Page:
Tom Brevoort
    Vince Fago

Miss America (also spelt as Ms. America) is the name of several superheroines appearing in American comic books published by Marvel Comics. The first incarnation of Miss America, Madeline Joyce, first appeared in Marvel Mystery Comics #49 (September 1943).[1] The second incarnation, Erika Kelley, debuted in Avengers: The Initiative Annual #1 (December 2007). The third incarnation, America Chavez, made her first appearance in Vengeance #1 (September 2011).[2]


Concept and creation[edit]

Comic book publishers tried to explore new types of stories, characters, and audiences, since superheroes began to fade out of fashion in the post-World War II era. Comic companies started introducing more female superheroes in an attempt to appeal to young female readers.[3] American comic book publisher Timely Comics released Marvel Mystery Comics #49 (September 1943) featuring a new superheroine known as Miss America.[4] According to American author Jess Nevins and his Encyclopedia of Golden Age Superheroes, Miss America "fights ordinary criminals, Axis agents, Baron Shinto the Gouger, the murderous teen the Cherub, King Cobra, and the human electric eel the Shocker."[5]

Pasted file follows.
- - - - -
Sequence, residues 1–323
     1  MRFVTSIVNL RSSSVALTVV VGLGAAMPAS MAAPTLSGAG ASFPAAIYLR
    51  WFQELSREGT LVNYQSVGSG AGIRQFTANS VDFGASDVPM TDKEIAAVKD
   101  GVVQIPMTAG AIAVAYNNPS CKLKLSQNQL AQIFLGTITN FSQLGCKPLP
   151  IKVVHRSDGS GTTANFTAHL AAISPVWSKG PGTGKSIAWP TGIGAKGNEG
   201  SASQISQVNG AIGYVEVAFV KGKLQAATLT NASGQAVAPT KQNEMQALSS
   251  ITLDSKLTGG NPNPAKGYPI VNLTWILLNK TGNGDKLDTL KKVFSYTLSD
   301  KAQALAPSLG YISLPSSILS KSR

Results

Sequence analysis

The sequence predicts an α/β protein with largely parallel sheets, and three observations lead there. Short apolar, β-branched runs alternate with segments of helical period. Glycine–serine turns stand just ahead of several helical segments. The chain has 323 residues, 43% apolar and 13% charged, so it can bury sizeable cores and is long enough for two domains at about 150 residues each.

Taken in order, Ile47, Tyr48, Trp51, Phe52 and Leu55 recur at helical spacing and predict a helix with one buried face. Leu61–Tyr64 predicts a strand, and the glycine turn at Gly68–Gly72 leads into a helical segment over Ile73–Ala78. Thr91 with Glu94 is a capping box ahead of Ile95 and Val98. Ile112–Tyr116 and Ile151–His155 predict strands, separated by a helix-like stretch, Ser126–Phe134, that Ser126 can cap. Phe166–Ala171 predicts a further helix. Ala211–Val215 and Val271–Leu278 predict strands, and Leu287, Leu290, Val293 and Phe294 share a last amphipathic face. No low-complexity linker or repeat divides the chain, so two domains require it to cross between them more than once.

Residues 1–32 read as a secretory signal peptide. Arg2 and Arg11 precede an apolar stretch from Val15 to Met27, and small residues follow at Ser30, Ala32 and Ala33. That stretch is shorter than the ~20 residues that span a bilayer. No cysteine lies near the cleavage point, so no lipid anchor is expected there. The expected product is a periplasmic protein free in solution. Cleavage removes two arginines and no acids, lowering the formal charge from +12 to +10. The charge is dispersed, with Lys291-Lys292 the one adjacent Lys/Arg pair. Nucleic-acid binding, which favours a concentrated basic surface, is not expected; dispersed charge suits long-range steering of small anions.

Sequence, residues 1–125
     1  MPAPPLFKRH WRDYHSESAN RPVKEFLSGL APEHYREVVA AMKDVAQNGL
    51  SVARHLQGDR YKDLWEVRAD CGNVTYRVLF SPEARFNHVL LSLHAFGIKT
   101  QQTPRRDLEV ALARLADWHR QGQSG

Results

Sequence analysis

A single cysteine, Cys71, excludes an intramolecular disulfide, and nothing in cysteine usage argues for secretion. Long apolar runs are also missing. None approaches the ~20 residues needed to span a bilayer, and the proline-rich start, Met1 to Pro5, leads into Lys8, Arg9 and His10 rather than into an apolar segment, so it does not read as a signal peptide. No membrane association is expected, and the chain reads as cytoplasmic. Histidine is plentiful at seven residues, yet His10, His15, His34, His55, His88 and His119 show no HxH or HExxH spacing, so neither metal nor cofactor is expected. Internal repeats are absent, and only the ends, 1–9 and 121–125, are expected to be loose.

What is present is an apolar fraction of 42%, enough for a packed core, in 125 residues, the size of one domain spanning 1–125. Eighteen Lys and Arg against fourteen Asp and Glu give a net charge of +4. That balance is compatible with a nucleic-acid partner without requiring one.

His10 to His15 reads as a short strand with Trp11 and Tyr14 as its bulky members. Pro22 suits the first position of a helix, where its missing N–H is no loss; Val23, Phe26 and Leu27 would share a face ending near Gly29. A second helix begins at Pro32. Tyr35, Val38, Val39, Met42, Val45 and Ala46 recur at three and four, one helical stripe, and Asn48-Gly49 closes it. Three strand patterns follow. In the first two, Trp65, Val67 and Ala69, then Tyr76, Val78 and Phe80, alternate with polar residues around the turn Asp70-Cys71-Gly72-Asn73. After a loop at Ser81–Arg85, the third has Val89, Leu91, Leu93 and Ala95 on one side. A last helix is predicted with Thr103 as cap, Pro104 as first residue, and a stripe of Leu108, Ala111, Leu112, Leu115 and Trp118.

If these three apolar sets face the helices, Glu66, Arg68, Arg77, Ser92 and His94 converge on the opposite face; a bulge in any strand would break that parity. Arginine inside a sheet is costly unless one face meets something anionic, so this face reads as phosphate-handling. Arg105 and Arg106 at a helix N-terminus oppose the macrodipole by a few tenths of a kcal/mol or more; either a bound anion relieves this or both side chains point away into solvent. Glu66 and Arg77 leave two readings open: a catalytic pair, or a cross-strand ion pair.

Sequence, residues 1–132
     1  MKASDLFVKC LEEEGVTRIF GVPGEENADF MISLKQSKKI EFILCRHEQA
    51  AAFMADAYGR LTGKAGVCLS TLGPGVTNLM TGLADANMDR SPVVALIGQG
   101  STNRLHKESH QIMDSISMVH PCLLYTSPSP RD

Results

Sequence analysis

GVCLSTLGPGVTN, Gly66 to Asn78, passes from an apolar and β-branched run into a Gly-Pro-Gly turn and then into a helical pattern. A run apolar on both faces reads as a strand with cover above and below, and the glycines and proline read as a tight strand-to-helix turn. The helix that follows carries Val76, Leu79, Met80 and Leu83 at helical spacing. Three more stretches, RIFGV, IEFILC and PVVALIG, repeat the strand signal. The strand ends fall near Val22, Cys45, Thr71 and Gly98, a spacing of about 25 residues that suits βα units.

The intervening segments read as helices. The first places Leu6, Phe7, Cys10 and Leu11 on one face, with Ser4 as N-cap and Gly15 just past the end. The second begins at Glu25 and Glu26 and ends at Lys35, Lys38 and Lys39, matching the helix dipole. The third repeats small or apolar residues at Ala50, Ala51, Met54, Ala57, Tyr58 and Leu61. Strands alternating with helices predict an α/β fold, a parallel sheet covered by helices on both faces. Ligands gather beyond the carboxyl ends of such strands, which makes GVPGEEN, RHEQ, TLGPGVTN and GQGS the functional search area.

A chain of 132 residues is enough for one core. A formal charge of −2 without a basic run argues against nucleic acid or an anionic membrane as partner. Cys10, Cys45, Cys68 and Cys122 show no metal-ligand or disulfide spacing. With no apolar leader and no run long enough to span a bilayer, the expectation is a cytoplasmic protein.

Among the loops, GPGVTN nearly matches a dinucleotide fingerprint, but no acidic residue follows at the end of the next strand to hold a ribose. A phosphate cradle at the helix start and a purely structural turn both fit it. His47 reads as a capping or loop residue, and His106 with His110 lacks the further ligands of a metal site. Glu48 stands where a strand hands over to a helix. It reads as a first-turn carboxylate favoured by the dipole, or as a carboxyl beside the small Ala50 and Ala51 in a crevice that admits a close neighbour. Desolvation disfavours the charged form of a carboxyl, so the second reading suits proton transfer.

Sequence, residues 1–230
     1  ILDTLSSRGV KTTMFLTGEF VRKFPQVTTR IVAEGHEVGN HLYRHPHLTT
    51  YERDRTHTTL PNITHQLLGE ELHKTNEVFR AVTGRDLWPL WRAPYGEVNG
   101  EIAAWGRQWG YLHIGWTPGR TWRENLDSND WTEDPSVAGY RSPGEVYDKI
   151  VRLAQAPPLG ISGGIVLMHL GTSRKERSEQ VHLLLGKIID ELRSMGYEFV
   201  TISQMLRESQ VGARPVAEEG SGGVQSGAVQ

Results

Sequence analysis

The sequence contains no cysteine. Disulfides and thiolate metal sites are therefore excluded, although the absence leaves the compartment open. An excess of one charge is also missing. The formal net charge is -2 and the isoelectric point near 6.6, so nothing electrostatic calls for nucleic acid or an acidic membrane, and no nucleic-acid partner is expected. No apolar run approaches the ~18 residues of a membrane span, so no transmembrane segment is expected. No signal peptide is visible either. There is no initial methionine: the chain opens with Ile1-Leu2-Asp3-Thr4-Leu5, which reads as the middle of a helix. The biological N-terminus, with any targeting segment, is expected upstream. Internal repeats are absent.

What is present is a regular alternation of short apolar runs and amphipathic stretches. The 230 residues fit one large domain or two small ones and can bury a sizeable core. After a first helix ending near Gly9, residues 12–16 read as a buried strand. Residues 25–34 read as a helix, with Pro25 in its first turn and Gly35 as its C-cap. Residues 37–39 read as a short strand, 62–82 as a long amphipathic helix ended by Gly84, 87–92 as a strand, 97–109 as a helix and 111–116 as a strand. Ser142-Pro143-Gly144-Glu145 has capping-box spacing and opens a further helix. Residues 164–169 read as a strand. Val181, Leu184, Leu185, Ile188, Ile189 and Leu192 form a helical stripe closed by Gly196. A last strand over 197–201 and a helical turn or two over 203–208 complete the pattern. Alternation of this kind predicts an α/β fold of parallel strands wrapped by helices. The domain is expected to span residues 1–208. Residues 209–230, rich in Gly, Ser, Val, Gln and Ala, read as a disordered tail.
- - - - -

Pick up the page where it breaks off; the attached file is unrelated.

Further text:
Publication history[edit]

Miss America[edit]

Madeline Joyce received the Miss America Comics #1 (May 1944) one-shot, her first solo comic book.[6] According to some sources, illustrator Ken Bald served as the cover and interior artist, although Vincent Fago, interim editor of Timely Comics for the drafted writer Stan Lee, asserted, "I hired a friend from the animation business, Pauline Loth, and she did the art for the first Miss America book."[7] Fago also stated, "I hired her at Timely when she left Fleischer's and came to New York. She did "Miss America" for us and created her costume."[8]